The waited to receive his first compliments h. He then con- Ifaac takes ducted her to his mother's tent, highly pleased with her ber bome. extreme beauty, and modest carriage, as well as the kindred she came from; all which he looked upon as ample amends for the loss of his mother. He had now nothing to wish for, but that she might prove fruitful ; but he was forced to wait nineteen years before he could obtain that blessing ; during which he comforted himself and

h Gen. xxiv. pal.

great MESSIAH that was to the privileges and benefits of
come, and the like (100). that covenant. Kimchi tells us,
Some Jews think it was a that it was still observed all
swearing by the covenant of over the east by those of his
circumcision; and that who- nation (101).
soever violated the oath, loft all

(100) Rab. Sal, in loc. Vid. Alix, in peniat, Munf, in loc,

(101) Kimcbi apud

her

her with the assurance of God's promises, and the example of Sarah, who remained childless till the ninetieth

year of her age. Year of ABRAHAM could not but be pleased to see his son in the flood the possession of so agreeable a wife ; but that not pro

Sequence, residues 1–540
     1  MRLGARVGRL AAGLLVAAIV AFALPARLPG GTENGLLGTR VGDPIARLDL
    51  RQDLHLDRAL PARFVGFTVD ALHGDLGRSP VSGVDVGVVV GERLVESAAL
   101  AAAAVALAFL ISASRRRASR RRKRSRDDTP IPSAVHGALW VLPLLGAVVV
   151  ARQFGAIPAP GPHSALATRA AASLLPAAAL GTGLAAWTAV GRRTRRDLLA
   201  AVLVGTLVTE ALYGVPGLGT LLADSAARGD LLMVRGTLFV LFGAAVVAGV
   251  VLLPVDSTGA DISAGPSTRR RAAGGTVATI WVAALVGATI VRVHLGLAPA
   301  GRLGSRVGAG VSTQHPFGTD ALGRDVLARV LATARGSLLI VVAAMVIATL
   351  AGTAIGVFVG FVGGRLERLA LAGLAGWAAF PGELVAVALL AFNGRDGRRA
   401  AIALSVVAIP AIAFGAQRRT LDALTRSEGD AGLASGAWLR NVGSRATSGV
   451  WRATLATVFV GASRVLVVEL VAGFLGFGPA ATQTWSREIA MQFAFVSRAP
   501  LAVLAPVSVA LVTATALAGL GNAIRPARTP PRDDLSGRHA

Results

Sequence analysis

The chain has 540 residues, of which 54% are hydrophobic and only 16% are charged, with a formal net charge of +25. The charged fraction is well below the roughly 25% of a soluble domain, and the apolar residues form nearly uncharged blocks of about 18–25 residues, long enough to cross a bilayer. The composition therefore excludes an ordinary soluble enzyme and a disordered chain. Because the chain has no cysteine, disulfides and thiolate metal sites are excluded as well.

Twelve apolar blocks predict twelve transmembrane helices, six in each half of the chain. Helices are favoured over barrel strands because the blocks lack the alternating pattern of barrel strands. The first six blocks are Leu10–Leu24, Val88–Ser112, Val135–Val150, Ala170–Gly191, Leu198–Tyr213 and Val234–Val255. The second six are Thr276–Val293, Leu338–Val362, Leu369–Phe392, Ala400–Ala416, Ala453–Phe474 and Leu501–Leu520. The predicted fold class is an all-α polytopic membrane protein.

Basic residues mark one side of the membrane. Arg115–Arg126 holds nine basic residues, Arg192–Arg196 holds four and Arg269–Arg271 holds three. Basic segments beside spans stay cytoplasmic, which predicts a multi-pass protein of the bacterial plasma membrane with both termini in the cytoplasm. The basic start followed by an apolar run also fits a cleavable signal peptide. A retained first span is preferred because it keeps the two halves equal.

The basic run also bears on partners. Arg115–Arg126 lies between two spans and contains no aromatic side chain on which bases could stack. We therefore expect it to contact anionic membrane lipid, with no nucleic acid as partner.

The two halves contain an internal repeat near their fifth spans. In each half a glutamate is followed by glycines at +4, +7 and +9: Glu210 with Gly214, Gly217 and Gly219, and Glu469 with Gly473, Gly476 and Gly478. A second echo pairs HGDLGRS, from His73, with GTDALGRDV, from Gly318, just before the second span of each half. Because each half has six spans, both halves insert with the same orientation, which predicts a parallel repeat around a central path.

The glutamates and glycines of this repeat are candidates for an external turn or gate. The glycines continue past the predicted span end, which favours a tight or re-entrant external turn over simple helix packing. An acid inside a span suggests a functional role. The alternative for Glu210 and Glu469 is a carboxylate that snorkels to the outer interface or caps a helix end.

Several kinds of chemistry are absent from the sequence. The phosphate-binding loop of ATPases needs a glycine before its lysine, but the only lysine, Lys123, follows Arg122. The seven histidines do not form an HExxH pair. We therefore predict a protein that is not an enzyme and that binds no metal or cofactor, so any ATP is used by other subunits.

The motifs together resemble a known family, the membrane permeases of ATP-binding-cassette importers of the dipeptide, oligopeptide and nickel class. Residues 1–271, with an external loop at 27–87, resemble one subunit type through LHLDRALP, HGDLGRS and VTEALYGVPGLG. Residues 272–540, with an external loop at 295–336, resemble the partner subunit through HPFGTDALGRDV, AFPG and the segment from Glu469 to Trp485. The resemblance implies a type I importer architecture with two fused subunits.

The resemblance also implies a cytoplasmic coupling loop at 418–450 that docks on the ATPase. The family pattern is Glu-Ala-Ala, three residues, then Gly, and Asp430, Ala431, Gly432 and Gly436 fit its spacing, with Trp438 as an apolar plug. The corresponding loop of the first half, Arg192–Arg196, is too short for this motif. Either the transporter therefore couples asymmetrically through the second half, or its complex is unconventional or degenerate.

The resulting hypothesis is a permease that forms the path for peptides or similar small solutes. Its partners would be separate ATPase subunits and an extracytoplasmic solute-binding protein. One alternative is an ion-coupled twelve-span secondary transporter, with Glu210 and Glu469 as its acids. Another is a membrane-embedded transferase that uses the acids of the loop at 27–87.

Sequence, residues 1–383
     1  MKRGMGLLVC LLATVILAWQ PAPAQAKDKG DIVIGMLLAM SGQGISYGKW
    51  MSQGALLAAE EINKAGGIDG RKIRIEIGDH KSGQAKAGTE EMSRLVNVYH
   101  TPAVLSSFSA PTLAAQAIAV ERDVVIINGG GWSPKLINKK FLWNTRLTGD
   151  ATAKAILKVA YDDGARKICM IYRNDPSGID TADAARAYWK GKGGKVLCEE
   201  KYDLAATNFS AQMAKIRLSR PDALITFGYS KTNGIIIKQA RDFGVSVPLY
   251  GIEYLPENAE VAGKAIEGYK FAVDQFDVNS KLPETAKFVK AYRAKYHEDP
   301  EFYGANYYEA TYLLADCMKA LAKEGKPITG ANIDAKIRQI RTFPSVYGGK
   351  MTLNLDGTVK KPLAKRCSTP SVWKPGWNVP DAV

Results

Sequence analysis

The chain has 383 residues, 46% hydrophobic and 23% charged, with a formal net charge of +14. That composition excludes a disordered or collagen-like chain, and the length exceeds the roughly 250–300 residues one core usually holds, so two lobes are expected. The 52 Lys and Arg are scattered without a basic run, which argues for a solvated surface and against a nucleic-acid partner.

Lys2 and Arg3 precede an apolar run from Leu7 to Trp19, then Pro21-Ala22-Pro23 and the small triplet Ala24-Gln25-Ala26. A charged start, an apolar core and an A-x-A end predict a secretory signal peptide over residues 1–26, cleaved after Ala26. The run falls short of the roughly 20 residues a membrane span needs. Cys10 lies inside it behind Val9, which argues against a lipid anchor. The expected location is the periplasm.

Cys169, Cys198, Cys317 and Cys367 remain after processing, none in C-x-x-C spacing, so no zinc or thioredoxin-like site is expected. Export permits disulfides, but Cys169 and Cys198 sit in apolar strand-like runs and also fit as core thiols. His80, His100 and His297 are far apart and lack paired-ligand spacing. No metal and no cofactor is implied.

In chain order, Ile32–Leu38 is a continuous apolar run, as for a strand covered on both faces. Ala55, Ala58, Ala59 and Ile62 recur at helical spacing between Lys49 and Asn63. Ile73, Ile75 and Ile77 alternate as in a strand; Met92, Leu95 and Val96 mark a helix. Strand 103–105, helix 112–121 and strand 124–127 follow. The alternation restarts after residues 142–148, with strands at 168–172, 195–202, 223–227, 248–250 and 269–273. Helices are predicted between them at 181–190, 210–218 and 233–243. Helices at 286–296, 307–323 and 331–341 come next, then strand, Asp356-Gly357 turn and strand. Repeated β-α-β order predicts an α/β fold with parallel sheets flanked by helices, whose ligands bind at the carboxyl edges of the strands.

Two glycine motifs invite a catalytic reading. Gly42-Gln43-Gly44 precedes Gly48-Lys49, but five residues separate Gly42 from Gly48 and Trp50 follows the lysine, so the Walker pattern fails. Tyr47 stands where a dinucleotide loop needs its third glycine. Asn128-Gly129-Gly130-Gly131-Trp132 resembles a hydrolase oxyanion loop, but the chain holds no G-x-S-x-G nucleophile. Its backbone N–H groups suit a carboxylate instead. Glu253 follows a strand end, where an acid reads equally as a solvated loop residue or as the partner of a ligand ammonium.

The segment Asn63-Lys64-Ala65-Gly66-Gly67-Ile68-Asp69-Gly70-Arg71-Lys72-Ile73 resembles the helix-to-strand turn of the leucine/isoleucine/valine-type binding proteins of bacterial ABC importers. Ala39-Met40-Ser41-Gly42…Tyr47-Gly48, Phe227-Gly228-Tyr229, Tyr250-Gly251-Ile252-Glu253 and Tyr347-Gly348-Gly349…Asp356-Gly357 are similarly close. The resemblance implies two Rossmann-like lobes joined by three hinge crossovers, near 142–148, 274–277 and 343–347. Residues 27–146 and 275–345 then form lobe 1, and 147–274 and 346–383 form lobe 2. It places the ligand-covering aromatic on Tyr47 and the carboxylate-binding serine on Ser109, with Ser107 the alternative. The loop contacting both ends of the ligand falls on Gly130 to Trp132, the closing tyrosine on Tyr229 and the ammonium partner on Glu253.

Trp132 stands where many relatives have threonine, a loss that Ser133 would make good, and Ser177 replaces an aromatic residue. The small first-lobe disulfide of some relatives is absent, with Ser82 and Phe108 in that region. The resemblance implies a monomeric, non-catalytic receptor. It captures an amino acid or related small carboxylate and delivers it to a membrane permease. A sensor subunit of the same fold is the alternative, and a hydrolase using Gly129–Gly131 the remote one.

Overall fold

495. ving sufficient to comfort him for the loss of his own, and Bef. Chr. finding himself ftill capable of making a new addition to

1853. his family, though he was then an hundred and forty-one Wyears old, and had continued a widower several years, Abraham, he took another wife, named Keturah (P); by whom he being 141 had fix sons, whom he afterwards portioned, that they years old,

might not interfere with Isaac's inheritance, and sent marries Keturah,

them to dwell towards the east. They went eastward of

Beerseba, and the land of Canaan; and settled in both fons by

Arabias, the Petræa and the Deserta ', where some footber.

steps of their names are still to be met with, of which we have given an account in a former volume k.

and has fix

i Gen. xxv. per tot.

k Vid. fup. vol. ii. p. 150, & feqq.

(P) The Jews pretend, that fons, and her name's being this Keturah was the same with changed from Hagar into KeHagar, whom Abraham fent turah, which fignifies incense, for again after his wife's death, and is the emblem of conciand by whom he had all these nency, in which she had lived children. The reasons they ever since she had been dismifgive for